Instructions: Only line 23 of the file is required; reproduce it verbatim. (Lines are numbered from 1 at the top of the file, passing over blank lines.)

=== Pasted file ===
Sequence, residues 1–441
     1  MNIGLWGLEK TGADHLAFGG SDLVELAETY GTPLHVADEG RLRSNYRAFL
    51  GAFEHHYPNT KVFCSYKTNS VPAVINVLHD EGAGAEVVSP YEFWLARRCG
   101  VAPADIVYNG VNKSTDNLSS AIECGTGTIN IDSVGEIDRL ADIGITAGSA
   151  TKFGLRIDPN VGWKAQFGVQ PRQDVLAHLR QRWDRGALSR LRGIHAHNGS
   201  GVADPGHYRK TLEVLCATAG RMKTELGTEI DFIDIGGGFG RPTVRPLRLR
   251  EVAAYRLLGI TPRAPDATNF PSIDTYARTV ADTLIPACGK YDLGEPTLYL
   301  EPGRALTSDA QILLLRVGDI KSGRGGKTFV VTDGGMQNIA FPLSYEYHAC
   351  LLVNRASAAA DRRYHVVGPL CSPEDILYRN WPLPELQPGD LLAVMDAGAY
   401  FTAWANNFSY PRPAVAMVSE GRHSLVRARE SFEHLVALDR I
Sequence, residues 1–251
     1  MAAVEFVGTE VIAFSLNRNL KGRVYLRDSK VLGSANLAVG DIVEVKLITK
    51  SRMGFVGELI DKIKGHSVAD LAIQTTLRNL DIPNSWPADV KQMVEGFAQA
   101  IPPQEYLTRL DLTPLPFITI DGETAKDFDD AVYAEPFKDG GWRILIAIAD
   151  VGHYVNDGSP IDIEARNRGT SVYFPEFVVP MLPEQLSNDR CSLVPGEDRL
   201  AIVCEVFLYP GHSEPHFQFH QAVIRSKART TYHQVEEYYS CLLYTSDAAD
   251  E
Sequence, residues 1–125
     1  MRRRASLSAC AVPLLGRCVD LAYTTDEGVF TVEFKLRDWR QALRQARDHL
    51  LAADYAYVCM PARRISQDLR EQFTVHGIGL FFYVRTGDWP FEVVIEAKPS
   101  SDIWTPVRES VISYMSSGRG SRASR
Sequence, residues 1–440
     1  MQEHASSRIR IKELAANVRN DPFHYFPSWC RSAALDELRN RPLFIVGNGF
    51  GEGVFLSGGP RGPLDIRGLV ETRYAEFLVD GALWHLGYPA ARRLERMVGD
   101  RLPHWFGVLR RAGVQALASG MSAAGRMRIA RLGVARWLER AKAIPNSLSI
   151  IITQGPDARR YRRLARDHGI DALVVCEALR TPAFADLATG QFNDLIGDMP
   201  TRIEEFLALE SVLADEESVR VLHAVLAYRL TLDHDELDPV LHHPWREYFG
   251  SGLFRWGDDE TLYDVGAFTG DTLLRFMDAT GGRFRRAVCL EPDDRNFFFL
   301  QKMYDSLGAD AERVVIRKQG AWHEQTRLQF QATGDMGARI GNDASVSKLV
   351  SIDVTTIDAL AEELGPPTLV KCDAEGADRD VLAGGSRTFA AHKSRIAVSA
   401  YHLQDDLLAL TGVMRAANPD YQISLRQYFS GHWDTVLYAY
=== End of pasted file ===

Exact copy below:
     1  MQEHASSRIR IKELAANVRN DPFHYFPSWC RSAALDELRN RPLFIVGNGF